Common variants in CDKAL1, CDKN2A/B, IGF2BP2, SLC30A8, and HHEX/IDE genes are associated with type 2 diabetes and impaired fasting glucose in a Chinese Han population.
Diabetes 2008 ; 57: 2834-42.
DOI : 10.2337/db08-0047
PubMed ID : 18633108
PMCID : PMC2551696
Genome-wide association studies have identified common variants in CDKAL1, CDKN2A/B, IGF2BP2, SLC30A8, HHEX/IDE, EXT2, and LOC387761 loci that significantly increase the risk of type 2 diabetes. We aimed to replicate these observations in a population-based cohort of Chinese Hans and examine the associations of these variants with type 2 diabetes and diabetes-related phenotypes.
We genotyped 17 single nucleotide polymorhisms (SNPs) in 3,210 unrelated Chinese Hans, including 424 participants with type 2 diabetes, 878 with impaired fasting glucose (IFG), and 1,908 with normal fasting glucose.
We confirmed the associations between type 2 diabetes and variants near CDKAL1 (odds ratio 1.49 [95% CI 1.27-1.75]; P = 8.91 x 10(-7)) and CDKN2A/B (1.31 [1.12-1.54]; P = 1.0 x 10(-3)). We observed significant association of SNPs in IGF2BP2 (1.17 [1.03-1.32]; P = 0.014) and SLC30A8 (1.12 [1.01-1.25]; P = 0.033) with combined IFG/type 2 diabetes. The SNPs in CDKAL1, IGF2BP2, and SLC30A8 were also associated with impaired beta-cell function estimated by homeostasis model assessment of beta-cell function. When combined, each additional risk allele from CDKAL1-rs9465871, CDKN2A/B-rs10811661, IGF2BP2-rs4402960, and SLC30A8-rs13266634 increased the risk for type 2 diabetes by 1.24-fold (P = 2.85 x 10(-7)) or for combined IFG/type 2 diabetes by 1.21-fold (P = 6.31 x 10(-11)). None of the SNPs in EXT2 or LOC387761 exhibited significant association with type 2 diabetes or IFG. Significant association was observed between the HHEX/IDE SNPs and type 2 diabetes in individuals from Shanghai only (P < 0.013) but not in those from Beijing (P > 0.33).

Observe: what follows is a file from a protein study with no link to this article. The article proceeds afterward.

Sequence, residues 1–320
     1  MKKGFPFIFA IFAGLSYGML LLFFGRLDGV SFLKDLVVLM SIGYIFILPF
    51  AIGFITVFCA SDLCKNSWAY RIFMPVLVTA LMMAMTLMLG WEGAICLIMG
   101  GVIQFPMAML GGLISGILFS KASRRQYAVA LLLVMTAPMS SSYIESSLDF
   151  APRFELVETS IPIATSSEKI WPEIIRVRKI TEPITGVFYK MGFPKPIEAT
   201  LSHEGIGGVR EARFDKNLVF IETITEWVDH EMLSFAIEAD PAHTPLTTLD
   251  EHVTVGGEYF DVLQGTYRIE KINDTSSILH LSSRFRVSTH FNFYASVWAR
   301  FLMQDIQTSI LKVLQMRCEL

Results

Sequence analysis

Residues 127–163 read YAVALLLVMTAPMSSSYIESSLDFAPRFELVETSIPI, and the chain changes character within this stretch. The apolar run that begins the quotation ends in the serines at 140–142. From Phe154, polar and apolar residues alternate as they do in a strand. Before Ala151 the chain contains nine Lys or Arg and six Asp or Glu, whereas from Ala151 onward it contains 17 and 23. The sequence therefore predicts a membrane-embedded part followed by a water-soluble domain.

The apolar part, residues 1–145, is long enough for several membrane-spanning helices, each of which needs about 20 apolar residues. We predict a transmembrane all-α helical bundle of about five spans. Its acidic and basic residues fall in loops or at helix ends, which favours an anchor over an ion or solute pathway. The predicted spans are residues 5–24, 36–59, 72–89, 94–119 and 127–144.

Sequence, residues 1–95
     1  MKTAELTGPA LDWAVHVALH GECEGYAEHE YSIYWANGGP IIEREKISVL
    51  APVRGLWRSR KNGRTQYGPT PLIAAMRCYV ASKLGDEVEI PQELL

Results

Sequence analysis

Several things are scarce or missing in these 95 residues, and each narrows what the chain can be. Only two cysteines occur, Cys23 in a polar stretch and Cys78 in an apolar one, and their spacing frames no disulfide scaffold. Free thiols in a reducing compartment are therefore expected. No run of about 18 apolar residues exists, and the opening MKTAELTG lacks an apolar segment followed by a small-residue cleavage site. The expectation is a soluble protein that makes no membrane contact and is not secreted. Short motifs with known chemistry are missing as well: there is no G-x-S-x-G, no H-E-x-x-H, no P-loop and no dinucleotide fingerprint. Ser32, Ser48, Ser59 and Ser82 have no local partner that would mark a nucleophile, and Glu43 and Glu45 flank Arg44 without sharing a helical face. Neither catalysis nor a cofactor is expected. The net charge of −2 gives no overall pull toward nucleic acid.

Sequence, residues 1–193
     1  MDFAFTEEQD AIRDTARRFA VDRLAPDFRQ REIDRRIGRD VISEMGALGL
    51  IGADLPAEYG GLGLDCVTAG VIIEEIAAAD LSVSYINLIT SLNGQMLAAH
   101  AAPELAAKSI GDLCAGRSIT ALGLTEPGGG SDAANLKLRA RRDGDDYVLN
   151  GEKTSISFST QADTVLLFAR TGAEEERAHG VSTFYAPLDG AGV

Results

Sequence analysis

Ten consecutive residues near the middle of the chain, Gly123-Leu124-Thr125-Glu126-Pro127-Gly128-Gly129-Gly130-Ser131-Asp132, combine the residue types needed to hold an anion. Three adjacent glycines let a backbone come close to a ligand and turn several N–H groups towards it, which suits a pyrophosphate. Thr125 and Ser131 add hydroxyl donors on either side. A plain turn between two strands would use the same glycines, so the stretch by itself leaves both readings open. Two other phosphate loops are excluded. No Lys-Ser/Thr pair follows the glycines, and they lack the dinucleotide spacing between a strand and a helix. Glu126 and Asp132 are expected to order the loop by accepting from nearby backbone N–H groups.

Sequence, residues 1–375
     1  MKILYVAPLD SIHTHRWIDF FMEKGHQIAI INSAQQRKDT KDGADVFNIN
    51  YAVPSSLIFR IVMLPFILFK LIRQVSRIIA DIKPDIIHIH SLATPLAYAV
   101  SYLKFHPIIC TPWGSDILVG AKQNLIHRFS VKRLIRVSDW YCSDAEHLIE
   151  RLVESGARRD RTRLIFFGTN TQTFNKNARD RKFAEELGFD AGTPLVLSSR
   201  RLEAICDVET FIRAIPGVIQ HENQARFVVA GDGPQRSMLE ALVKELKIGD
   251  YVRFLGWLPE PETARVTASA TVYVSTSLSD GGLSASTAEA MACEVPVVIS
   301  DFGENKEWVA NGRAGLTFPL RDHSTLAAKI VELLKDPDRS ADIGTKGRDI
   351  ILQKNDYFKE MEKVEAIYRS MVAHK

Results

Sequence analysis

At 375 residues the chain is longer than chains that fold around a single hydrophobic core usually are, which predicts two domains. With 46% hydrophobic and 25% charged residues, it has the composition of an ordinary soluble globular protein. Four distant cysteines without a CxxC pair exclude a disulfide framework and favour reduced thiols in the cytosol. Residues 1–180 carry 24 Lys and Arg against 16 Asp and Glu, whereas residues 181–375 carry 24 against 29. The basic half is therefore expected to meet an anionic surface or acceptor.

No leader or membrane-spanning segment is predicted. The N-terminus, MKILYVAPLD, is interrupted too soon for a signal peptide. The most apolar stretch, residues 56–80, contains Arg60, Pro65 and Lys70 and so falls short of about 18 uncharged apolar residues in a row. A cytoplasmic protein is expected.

Our results indicate that in Chinese Hans, common variants in CDKAL1, CDKN2A/B, IGF2BP2, and SLC30A8 loci independently or additively contribute to type 2 diabetes risk, likely mediated through beta-cell dysfunction.